Park Hae-hyun: You published the poetry collection, Untitled, to commemorate the 55th anniversary of your debut. It is a collection of 539 untitled poems. What is the theme of this collection?
Ko Un: The first draft of the collection was written when I was staying in Venice. I sometimes wrote 10 poems per night. The poetic meteor shower rained night and day. The reason I didn’t give any titles to the poems was because I suspected that poetry, which I consider to be the language of freedom and liberation, was being trapped in the titles. I wanted the poems to pioneer their own destinies. I was almost in a trance as I wrote these poems. In Germany, someone referred to me as the “shaman of great lyric poets.” I feel as if the incantatory nature of my poems has been let slip through Untitled. I believe Untitled draws from my subconscious rather than my consciousness. The collection will be translated sometime next year.
Park: Despite being over 80, you have maintained your health and continue to attend poetry readings abroad. You’ve already held one reading in London in May and in Berlin in June. Do you plan to go abroad again in the near future?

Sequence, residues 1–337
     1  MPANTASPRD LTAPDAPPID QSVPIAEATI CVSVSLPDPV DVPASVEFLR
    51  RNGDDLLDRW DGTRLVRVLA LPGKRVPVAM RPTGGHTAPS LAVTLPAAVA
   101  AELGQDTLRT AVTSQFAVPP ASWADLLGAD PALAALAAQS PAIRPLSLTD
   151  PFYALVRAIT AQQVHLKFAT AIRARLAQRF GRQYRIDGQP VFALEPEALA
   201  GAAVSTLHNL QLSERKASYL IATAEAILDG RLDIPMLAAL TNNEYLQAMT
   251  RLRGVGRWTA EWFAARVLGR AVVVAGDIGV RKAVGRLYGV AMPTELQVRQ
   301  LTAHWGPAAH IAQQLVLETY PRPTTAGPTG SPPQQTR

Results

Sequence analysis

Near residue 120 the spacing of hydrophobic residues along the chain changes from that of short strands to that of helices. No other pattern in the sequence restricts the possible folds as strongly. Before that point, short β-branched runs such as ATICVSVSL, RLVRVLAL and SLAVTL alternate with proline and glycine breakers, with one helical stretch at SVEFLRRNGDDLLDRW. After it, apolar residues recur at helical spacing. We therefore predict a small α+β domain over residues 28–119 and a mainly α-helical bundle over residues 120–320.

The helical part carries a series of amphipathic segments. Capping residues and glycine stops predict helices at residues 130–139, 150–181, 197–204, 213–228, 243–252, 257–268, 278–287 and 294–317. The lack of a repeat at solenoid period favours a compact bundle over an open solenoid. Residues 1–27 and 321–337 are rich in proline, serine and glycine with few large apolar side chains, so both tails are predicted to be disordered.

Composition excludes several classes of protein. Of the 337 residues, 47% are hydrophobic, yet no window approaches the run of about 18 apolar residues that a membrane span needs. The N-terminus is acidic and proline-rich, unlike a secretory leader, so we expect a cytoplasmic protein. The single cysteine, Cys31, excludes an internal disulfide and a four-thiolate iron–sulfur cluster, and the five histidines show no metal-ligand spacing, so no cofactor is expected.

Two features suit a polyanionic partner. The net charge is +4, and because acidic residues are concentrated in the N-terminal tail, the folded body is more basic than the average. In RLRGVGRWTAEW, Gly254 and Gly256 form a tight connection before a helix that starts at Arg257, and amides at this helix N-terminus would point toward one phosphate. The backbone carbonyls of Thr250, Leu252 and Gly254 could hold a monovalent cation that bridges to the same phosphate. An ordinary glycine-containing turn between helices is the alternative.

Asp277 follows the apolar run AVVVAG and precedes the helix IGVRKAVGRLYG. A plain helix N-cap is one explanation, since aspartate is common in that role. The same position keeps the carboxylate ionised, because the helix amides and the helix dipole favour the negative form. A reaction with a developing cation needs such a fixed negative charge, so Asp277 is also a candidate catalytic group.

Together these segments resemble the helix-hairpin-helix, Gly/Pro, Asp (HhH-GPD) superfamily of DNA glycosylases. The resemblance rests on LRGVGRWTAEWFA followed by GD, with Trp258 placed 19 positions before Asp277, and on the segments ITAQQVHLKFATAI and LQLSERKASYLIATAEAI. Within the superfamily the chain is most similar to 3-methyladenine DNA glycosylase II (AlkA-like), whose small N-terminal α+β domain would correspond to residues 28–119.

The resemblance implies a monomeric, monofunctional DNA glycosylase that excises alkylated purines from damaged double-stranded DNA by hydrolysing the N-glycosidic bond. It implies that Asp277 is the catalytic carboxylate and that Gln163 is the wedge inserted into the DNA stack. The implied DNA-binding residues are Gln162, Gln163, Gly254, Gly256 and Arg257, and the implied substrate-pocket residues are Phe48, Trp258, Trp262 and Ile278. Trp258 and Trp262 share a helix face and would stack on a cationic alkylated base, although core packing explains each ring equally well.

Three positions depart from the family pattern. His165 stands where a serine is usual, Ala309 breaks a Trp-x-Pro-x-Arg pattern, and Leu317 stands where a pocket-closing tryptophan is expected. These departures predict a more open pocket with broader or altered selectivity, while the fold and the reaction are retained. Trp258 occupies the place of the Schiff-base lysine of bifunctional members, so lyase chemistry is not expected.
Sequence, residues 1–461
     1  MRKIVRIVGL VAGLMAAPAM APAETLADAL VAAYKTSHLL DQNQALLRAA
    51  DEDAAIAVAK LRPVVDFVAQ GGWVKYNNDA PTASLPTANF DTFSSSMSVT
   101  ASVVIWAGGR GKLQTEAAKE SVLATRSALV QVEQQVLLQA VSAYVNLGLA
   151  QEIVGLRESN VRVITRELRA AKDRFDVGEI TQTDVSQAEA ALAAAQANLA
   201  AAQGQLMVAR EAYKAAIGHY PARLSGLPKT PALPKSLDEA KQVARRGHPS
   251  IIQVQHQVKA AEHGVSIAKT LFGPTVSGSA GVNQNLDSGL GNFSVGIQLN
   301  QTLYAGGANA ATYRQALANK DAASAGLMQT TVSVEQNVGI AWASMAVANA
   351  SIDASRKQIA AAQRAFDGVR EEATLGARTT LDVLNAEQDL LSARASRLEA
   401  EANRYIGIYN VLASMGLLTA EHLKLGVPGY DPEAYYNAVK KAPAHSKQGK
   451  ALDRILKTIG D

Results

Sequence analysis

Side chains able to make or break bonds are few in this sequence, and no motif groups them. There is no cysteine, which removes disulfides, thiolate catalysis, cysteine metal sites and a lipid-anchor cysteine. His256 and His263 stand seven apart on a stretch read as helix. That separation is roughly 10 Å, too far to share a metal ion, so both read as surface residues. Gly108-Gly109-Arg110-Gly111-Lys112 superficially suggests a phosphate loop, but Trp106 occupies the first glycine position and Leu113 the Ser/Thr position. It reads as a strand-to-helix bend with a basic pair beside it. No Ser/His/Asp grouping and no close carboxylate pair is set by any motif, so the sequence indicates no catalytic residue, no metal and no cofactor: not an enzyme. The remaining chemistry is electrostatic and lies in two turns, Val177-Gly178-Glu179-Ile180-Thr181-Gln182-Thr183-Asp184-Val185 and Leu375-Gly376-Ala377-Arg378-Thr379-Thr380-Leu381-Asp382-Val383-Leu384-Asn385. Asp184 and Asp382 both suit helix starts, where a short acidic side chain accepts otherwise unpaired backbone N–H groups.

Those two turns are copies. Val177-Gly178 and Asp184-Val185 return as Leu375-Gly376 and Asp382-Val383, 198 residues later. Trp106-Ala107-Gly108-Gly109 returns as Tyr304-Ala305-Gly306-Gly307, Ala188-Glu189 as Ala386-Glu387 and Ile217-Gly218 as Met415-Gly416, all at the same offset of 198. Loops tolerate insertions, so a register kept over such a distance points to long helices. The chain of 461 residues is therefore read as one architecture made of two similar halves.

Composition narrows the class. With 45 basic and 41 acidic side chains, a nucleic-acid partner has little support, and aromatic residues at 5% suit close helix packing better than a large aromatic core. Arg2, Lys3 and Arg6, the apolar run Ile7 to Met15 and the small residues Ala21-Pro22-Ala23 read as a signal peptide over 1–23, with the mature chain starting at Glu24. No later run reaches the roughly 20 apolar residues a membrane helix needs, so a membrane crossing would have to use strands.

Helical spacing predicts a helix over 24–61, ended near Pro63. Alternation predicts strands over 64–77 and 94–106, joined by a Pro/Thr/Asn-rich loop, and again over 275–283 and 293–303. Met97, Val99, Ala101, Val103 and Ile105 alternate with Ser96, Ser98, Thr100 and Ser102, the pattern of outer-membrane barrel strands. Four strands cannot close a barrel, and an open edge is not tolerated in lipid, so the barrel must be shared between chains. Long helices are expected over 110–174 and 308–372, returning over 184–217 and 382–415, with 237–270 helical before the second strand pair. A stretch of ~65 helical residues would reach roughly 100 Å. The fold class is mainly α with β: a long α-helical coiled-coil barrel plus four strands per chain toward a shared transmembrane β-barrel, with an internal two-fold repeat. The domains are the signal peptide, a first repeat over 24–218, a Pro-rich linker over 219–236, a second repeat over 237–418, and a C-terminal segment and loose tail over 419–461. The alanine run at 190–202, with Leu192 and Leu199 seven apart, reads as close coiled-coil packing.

Ko: I am immune to time zones. I am off to Macedonia in August to receive the Gold Wreath Award. I’ll be attending a poetry reading held by the Poetry Foundation in Chicago and giving a lecture at the University of Illinois. If a forum that is being organized in Hawaii takes place, then I’ll do a reading and give a lecture there on my way back to Korea. I was invited to Italy in late October as well. I was also invited to the International Poets’ Festival in November, but I haven’t decided whether I’ll attend or not.
Park: It’s been a year since you’ve moved from Anseong in Gyeonggi-do Province to Suwon. How has the new environment affected you?
Ko: The 30 years I’ve spent in Anseong were very fulfilling. I had a prolific life as a writer there. It’s been less than a year since I moved to Suwon, so my life in Suwon is still in its infancy. Perhaps I’ll hit a growth spurt here. Untitled opened the first year of my Suwon Period. It seems my literary saga will meet its end here at the foot of Gwanggyosan Mountain. I recall the words of an American soldier who fought in the Korean War, “The hometown of a person is said to be the place of his birth, but the place where he dies is the true hometown.” Robert Frost was born on the West Coast, but is a New England poet. And you also have poets like Robinson Jeffers who was born in Pennsylvania but was known as a poet of the Big Sur in California.